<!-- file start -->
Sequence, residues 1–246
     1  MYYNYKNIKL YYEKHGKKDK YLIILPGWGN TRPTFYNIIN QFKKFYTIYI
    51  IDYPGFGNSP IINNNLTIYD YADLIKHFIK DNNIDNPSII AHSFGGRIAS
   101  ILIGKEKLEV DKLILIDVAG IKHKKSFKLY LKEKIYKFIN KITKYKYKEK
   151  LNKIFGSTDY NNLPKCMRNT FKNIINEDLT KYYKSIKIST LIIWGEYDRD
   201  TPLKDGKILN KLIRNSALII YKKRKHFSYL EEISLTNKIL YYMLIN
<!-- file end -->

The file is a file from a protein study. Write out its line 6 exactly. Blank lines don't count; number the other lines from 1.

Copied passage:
   201  TPLKDGKILN KLIRNSALII YKKRKHFSYL EEISLTNKIL YYMLIN